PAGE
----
Differences in the flower visitor behaviour on female and hermaphroditic flowers of Cimicifuga simplex

Tsubasa Toji, Takao Itino

Research output: Contribution to journalArticlepeer-review


The behavioural patterns of flower-visiting insects are influenced by floral display size, floral reward, etc. We tested whether insects of various taxa visiting Cimicifuga simplex would change their behaviour between hermaphroditic and female flowers. Male-phase flowers of hermaphroditic ramets provide flower visitors with nectar and pollen as rewards, whereas female flowers of female ramets provide flower visitors with only nectar. The appearance of the both sexes in C. simplex is different with hermaphrodite being relatively large and female ramet being relatively small. Therefore, to investigate how sexual differences in floral rewards and conspicuousness affect flower visitor behaviour, we compared flower visitor behaviour between male-phase hermaphroditic ramets and female ramets. C. simplex was visited by the bumblebee Bombus beaticola beaticola (Hymenoptera), Vespula flaviceps (Hymenoptera), Anthomyiidae spp. (Diptera), Episyrphus balteatus (Diptera), and Pidonia aegrota (Coleoptera). The visitation frequency of all visitors, especially of bumblebees and dipteran insects, to male-phase hermaphroditic ramets was higher than that to female ramets. The number of flowers contacted per single visit to an inflorescence was significantly higher for hermaphroditic ramets than for female ramets in bumblebees, but no difference was found in other insect groups. These results suggest that bumblebees visit the low-reward female ramets less often than male-phase hermaphroditic ramets, and they stay on female ramets for a shorter time. In contrast, insects other than bumblebees seem to decide which flowers to visit according to how conspicuous the flowers are, but once they visit a ramet they continue to visit flowers on the ramet even if no pollen rewards there are.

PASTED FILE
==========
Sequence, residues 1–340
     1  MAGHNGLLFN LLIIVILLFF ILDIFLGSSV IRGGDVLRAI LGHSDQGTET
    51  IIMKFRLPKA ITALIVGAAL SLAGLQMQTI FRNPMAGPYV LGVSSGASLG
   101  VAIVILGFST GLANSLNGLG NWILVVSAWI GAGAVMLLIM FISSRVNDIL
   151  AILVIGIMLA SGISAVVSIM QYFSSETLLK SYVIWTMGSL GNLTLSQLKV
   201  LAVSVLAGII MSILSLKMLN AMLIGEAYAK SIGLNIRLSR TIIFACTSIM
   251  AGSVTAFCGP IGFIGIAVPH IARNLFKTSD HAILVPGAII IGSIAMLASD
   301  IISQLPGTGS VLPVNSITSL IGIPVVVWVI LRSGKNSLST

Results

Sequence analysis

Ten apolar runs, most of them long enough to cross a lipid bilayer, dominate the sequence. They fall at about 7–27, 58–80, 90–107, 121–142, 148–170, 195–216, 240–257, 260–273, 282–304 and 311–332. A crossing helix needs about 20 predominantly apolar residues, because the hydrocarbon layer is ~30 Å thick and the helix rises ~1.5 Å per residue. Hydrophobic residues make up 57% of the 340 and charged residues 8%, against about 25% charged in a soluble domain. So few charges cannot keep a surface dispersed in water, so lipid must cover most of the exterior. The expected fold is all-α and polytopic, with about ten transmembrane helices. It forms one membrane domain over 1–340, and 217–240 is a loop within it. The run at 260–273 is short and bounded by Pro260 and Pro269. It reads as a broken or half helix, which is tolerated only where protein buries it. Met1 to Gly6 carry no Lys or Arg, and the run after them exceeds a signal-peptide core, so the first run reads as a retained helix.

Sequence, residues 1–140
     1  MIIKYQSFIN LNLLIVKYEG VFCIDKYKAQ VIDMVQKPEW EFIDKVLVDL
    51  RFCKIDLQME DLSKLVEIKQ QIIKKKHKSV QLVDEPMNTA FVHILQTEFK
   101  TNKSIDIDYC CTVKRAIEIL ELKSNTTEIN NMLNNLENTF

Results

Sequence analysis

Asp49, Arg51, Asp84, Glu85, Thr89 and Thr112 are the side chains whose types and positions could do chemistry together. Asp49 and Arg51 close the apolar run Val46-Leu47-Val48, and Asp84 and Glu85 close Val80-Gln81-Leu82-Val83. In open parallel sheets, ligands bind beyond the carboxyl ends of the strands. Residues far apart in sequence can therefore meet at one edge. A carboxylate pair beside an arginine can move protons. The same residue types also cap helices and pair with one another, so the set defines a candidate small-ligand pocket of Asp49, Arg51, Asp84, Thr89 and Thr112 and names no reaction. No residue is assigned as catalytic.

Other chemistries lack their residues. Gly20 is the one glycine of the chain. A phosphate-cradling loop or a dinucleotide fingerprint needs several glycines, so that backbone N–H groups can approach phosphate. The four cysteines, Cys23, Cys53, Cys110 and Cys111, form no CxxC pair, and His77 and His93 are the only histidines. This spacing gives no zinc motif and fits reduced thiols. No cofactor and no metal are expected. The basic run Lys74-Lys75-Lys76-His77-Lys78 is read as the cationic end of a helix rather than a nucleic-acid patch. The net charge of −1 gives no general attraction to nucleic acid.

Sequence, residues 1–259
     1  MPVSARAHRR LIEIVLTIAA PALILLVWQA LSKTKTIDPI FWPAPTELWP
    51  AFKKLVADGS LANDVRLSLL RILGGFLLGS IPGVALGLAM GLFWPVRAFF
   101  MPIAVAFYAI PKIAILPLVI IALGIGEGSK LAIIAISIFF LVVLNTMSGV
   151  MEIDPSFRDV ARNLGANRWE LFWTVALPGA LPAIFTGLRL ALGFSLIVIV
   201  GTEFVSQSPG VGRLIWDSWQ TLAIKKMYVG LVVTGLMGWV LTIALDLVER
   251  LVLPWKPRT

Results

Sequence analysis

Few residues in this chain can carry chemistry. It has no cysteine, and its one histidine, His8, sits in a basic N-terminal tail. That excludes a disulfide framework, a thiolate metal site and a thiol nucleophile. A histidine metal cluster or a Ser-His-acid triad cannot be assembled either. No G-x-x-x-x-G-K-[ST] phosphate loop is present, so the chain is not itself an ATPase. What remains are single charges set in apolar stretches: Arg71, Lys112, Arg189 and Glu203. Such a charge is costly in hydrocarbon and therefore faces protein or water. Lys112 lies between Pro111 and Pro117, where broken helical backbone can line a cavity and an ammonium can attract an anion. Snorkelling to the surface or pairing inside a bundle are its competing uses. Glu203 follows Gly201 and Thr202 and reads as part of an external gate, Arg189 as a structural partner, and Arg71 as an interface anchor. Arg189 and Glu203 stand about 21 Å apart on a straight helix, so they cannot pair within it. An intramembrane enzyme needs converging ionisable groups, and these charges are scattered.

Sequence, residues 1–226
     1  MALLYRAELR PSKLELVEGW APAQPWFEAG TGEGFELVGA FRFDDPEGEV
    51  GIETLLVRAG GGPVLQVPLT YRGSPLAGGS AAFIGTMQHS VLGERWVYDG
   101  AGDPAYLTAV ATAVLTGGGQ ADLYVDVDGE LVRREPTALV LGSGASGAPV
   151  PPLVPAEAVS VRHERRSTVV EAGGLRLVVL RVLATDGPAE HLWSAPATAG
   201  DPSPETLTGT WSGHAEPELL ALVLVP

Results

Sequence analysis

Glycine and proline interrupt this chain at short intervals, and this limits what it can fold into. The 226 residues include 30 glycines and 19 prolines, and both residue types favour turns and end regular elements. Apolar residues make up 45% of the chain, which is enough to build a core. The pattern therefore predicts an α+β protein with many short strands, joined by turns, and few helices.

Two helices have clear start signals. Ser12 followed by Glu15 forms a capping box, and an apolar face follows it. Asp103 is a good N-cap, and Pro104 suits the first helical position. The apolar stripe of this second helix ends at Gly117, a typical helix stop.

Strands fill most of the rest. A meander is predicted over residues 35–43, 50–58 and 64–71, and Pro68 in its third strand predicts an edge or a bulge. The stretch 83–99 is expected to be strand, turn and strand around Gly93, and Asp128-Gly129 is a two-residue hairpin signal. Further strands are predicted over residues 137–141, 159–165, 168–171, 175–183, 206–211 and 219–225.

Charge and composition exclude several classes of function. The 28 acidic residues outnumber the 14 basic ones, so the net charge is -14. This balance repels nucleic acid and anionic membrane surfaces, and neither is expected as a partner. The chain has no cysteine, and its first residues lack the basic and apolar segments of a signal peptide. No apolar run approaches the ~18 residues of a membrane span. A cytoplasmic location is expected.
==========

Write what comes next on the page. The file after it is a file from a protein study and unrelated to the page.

Original languageEnglish
Pages (from-to)1289-1298
Number of pages10
JournalJournal of Natural History
Issue number19-20
Publication statusPublished - 2021
Externally publishedYes


  • Bumblebee
  • Cimicifuga simplex
  • behavioural ecology
  • gynodioecy
  • pollinator behaviour
  • pollinator preference


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